How Early Can Alfalfa be Cut? April 28, 2016
First cutting often is the most important cutting of the year. It usually produces the most yield and its forage quality changes fastest from day to day. Alfalfa started growing like gangbusters this spring, is almost knee high in some places, and could be ready to cut soon.
Many growers cut soon after the first blooms appear; however, weather can cause long delays and sometimes alfalfa doesn’t bloom very aggressively during spring. Plus, waiting until alfalfa begins to bloom often results in hay that is too low quality for dairy use.
So what about cutting before plants bloom — or even before they form buds? Is this an alternative? And what are the risks?
Cutting healthy, vigorously growing alfalfa when it is 15-20 inches tall has several advantages. Weather might be better than later in spring. It also allows you to spread out the harvest rather than waiting to cut all your alfalfa at the same time. Some insect and disease problems can be reduced by early harvest. Most importantly, feed value can be very high. Plus, second cutting probably will be ready before summer heat lowers its forage quality.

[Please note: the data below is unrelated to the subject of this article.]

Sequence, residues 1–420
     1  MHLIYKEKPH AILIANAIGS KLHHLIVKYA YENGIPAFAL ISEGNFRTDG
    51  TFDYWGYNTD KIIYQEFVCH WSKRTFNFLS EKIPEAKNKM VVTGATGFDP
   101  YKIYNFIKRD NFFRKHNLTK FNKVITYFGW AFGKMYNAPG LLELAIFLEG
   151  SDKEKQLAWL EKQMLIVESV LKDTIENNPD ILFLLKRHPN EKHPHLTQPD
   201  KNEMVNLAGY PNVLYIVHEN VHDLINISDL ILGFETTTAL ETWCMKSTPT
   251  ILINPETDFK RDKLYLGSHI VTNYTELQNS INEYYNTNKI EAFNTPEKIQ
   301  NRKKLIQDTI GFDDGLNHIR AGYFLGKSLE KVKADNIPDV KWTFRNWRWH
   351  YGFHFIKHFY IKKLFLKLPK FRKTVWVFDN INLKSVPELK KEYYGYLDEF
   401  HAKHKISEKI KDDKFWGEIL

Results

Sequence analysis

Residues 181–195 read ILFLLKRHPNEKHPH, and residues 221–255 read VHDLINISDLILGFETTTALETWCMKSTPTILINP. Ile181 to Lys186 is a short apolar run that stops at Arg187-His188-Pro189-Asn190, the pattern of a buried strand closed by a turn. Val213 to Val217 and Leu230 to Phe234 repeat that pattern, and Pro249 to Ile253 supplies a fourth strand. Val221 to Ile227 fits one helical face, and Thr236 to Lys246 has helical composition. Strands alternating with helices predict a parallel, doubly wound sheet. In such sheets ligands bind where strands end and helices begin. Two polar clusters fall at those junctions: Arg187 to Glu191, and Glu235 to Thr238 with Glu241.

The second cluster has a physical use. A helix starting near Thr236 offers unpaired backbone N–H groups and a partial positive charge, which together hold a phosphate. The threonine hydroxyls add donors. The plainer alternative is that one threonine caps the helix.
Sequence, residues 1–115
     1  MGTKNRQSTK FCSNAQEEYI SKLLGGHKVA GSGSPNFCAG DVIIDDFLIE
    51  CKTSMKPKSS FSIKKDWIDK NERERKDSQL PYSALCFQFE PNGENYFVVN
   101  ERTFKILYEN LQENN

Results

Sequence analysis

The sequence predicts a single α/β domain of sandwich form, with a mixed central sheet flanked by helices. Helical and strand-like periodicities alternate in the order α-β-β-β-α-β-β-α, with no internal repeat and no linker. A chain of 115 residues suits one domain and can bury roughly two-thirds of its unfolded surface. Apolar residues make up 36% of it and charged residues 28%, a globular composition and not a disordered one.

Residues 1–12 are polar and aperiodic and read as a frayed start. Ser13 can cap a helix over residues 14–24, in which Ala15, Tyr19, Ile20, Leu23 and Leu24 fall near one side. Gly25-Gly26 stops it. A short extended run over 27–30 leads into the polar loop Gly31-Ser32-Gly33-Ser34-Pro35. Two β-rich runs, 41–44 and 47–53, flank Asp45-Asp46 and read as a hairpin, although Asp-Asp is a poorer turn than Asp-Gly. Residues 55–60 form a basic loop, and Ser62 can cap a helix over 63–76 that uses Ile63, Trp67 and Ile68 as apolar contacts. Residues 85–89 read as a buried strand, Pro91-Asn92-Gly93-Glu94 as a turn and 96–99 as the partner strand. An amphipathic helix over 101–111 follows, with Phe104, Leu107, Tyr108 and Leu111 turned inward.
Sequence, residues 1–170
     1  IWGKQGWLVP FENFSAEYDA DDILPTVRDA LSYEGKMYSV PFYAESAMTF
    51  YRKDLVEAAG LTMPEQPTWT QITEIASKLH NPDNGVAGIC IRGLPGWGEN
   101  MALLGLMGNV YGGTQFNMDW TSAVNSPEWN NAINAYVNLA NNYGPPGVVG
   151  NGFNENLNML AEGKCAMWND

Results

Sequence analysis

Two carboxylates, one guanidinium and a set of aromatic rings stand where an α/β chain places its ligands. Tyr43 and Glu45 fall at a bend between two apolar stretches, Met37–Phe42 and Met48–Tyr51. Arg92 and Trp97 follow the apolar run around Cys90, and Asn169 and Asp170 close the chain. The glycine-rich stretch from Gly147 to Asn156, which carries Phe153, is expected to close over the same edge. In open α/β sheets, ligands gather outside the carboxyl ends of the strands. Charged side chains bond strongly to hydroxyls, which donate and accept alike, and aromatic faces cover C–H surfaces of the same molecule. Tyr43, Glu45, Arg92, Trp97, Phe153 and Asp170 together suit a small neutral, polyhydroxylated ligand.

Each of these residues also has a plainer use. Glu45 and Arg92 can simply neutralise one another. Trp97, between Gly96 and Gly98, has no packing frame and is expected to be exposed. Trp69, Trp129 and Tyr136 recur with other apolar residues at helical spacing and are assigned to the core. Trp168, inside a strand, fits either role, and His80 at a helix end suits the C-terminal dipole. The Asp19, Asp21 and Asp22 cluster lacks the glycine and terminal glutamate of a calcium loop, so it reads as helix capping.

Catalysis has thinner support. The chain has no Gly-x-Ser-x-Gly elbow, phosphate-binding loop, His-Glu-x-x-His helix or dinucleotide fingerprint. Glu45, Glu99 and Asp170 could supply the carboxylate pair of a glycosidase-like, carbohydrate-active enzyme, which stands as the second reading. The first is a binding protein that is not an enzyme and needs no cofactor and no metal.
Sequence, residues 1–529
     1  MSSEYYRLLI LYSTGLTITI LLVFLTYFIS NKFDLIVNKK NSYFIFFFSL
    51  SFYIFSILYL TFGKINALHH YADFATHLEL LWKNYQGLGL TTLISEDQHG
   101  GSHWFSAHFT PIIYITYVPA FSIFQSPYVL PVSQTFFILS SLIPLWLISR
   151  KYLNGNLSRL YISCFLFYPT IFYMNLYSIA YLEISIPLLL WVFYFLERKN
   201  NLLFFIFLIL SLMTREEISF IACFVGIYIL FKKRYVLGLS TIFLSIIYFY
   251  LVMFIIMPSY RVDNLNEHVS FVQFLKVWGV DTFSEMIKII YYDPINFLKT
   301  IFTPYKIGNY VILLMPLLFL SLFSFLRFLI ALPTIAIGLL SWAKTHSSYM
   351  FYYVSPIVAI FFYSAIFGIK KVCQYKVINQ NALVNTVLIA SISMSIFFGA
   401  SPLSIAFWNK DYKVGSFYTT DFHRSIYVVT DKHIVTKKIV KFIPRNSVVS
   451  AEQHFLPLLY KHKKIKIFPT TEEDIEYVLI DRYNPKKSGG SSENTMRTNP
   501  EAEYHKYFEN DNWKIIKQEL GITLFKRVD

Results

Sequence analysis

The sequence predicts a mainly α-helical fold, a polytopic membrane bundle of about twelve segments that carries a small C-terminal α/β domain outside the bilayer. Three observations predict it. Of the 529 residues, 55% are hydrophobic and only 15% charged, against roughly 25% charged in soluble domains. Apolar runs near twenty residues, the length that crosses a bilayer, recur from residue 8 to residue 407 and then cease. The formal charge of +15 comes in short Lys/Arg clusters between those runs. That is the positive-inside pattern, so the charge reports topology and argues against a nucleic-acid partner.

Yes, yield will be lower from this early cut, although much of it will be made up in later harvests. Regrowth for second harvest also may be a bit slower than if alfalfa had been cut at a more advanced growth stage, especially if your alfalfa experienced winter injury this year. And you must be sure to allow a longer than normal recovery after either the first or the second cutting if you want to maintain long-term stands.
Test early harvest on one of your fields this year and consider whether this offers the benefits and timing you need.